The Free Motion Quilting Project: Copyright Law and Quilting

Wednesday, May 16, 2018

Copyright Law and Quilting

Hello My Quilting Friends! I have a new quilting friend for you to meet today. Heather Kubiak is a copyright attorney and quilter, which is a terrific combination in my opinion! In our conversation, she helped clear up a lot of confusion about copyright as well as opened my eyes to a lot of crazy implications for sharing images on public sites like Pinterest and Facebook.

Click Here to find this episode.

I know this is the second podcast we've done on copyright, which isn't the most fun of topics I'll admit, but please understand this is a major concern for quilt pattern writers and designers.

I see a lot of misinformation wandering around in the world as well as a lot of bent out of shape quilters that seem to think techniques and methods can be copyrighted (sorry, they can't). You can watch all the free motion quilting tutorials I've shared, teach yourself the designs, then go teach them yourself and use the exact same information I've taught.

That's perfectly legal and that's a great thing because otherwise we would all be stuck in little boxes standing perfectly still because walking, running, talking, and every form of stitch work imaginable would be protected by some form of copyright and we'd all have to pay royalties to someone for breathing.

Methods / techniques are utilitarian. You cannot copyright methods.

I've personally experienced bullying a few times from tutorials I've shared and even recently received a take-down notice from a quilter who didn't like that I used her tool in a video. Hello? Free advertising? Fair use? Did you not create this for quilters to use to make quilts?

That experience just left me shaking my head in absolute wonder at the crazy pills some professional quilters seem to take. Please don't fire off copyright claims and take-down notices unless you actually know what you're talking about!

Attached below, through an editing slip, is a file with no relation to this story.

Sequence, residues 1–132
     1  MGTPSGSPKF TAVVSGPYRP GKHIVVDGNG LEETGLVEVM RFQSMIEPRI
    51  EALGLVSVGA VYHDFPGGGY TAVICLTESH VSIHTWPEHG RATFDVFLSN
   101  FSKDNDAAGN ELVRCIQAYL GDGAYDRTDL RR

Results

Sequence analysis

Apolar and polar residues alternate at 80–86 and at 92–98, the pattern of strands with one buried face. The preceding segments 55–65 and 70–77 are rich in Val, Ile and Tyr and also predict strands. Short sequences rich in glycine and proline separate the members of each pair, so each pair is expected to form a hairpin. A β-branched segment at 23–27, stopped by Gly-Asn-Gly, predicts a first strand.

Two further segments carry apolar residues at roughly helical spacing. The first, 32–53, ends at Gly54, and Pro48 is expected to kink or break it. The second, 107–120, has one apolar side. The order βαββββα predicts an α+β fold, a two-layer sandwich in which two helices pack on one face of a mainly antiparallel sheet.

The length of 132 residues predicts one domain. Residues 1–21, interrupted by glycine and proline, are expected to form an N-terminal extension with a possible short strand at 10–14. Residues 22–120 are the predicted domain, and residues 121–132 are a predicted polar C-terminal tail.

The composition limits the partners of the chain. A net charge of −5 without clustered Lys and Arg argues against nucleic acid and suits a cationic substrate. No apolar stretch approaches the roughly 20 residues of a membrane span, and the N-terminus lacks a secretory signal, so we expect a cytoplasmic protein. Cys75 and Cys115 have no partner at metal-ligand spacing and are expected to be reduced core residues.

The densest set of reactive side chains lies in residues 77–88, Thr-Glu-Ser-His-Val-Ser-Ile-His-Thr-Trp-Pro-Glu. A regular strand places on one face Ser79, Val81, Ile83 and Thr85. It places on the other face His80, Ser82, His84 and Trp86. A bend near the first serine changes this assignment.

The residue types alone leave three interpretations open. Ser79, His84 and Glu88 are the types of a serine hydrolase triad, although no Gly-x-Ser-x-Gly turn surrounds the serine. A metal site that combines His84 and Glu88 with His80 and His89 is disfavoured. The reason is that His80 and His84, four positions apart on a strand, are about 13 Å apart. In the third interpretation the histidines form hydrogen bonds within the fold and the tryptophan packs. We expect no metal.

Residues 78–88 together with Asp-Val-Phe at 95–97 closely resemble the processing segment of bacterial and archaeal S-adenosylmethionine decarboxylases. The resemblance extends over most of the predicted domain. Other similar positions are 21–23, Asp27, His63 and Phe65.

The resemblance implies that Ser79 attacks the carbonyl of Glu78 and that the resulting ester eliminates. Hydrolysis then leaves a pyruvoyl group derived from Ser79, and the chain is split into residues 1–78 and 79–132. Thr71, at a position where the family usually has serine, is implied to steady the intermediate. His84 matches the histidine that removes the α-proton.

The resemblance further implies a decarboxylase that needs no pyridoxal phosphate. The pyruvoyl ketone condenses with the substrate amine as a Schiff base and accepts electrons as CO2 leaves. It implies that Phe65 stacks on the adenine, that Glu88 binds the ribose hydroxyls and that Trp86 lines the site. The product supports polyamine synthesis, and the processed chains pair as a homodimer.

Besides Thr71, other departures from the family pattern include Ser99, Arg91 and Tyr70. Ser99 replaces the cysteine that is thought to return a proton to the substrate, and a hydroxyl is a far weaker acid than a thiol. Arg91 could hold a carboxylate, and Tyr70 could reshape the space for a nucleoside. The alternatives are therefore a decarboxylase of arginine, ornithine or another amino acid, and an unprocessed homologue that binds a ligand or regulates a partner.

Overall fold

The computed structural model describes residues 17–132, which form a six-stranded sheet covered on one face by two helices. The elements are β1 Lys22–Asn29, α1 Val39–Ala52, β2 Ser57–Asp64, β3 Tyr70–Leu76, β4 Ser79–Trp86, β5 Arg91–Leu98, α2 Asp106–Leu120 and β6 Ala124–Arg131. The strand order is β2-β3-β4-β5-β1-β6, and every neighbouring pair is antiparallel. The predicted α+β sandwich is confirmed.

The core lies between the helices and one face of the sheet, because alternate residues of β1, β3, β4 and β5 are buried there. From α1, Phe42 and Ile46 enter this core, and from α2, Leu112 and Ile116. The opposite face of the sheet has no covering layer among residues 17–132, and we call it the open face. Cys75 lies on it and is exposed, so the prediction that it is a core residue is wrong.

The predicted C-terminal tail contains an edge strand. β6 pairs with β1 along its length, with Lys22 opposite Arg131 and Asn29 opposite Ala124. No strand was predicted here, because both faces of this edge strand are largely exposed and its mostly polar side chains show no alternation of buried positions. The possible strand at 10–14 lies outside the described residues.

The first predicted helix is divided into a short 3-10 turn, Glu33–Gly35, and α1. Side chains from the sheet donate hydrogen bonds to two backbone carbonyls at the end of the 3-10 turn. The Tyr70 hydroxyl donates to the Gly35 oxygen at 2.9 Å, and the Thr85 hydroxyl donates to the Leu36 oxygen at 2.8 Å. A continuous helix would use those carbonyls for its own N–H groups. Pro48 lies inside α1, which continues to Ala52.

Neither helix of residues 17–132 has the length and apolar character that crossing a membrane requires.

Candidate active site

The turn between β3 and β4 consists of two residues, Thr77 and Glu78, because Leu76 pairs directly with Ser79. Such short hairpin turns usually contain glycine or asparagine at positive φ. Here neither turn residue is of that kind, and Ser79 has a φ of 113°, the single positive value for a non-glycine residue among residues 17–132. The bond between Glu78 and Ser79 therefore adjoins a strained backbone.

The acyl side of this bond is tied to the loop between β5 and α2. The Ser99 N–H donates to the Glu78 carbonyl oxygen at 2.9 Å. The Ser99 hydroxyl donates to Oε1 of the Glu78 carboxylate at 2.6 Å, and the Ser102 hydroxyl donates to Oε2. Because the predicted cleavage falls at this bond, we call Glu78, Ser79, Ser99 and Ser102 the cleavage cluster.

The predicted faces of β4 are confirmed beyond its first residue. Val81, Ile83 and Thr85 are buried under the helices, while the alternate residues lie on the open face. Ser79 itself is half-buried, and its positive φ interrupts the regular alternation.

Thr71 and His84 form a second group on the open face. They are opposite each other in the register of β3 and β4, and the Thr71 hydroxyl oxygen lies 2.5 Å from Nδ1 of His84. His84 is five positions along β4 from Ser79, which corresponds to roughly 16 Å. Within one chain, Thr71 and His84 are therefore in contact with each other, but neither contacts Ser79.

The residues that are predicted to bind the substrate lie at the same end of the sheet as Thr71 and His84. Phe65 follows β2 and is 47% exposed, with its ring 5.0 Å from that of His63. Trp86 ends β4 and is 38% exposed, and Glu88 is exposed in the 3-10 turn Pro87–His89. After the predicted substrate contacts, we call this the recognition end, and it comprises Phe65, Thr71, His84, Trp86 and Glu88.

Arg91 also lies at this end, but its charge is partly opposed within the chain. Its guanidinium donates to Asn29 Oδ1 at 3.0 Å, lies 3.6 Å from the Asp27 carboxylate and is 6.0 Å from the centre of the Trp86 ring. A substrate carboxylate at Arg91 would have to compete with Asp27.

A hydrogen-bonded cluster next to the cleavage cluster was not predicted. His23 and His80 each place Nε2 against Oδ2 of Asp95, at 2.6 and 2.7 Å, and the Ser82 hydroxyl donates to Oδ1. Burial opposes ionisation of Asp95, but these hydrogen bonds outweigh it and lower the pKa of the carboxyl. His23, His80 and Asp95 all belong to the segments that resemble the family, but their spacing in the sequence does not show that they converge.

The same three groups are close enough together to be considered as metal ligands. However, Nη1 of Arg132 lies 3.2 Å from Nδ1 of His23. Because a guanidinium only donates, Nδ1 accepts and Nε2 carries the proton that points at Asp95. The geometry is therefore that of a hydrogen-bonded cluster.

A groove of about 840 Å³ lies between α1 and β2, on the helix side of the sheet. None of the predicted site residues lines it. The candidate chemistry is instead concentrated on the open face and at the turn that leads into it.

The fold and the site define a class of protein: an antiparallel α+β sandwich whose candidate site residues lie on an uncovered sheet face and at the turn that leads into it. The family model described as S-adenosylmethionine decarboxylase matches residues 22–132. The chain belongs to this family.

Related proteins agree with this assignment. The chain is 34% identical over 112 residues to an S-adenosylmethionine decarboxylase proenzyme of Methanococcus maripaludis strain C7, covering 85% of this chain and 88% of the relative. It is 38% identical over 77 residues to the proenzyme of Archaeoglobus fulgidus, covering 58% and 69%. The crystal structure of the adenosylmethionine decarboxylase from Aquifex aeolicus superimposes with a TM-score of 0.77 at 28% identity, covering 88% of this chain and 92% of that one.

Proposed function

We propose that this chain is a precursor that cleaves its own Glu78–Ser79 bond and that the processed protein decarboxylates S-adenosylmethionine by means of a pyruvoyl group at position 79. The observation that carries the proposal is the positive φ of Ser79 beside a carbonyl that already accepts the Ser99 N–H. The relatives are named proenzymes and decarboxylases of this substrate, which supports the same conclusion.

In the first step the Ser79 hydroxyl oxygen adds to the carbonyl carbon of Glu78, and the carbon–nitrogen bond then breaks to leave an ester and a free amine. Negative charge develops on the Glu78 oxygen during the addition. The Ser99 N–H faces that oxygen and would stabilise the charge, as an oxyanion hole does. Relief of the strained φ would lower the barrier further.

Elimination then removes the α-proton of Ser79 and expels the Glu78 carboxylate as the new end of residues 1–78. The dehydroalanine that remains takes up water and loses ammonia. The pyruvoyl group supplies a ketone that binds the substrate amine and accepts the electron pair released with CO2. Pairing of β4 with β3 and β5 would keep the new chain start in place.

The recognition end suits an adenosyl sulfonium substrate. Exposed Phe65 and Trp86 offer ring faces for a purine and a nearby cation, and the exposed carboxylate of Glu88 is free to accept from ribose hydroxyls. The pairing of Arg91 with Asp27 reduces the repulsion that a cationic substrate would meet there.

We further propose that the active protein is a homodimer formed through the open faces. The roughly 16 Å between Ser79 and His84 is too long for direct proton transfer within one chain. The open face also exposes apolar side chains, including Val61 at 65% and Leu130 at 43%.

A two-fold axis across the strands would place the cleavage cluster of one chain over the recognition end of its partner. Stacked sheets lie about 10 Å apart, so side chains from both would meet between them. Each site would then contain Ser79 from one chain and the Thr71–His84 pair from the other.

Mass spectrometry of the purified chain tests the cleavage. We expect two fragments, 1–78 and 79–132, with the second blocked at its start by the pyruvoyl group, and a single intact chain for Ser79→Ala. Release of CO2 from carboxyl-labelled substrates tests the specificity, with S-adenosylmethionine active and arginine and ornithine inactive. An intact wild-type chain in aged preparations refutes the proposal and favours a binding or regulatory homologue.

So if you've ever experienced copyright bullying or excessive copyright claim, I hope this podcast helps you feel better. If you're still feeling confused, contact Heather Kubiak and get her help mediating the issue. Yes, it is worth it to have peace of mind and the issue resolved once and for all.

Let's go quilt,

Leah Day

6 comments:

  1. Going to listen right now! Btw, on Just Wanna Quilt, one of the guests made an interesting comment. Copywrite was created to protect large scale production. Charles Dickens had his work published in the United States withought getting royalties. But it was never intended for the small artist or user. Unfortunately I find that creative people want a business but aren't willing to work as hard as you and your family do. So they think that by invoking copywrite, they can be a tiny pattern publisher and no one else can use 'their' pattern.
    Also, Just Wanna Quilt interviewed Virginia Postrel, not a quilter, but a very creative person. She had interesting comments about how copywrite is stifulling the creativity of small people, in her book, it was the big publisher that wouldn't allow her to use images from smaller artists, who would have loved the publicity.
    On a similar note, a famouse quilt pattern designer is selling a log cabin pattern. She isn't claiming that she is the only one with the rights, not at all. But more power to her, if someone will pay $10 for that pattern, good for both her and the buyer.

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    1. Thank you for sharing Leah! I also had a log cabin quilt in my recent book. I came up with the sizes and shapes, but yep, it's based on the traditional block.

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  2. I would love to read your post about your friend the copyright attorney, but half the post is covered up with links to your classes.

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    1. Thank you for letting me know Sherry - what internet browser are you using? I'm using Chrome and the list of links should pop to the left side of the page in a narrow column. Obviously it's not doing the same for you. Can you let me know what browser you're using?

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  3. I don't know if others have mentioned this, but only a part of your blog is visible. A good portion of it is covered up by the items you have for sale (or whatever). Maybe it's my server. I looked at a number of your archived articles and the most recent and it was the same. New to quilting in the last 5 years, and enjoy reading others' experiences.

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    1. Thank you for letting me know! What internet browser are you using? This is a glitch in how it's displaying and hopefully I can correct it!

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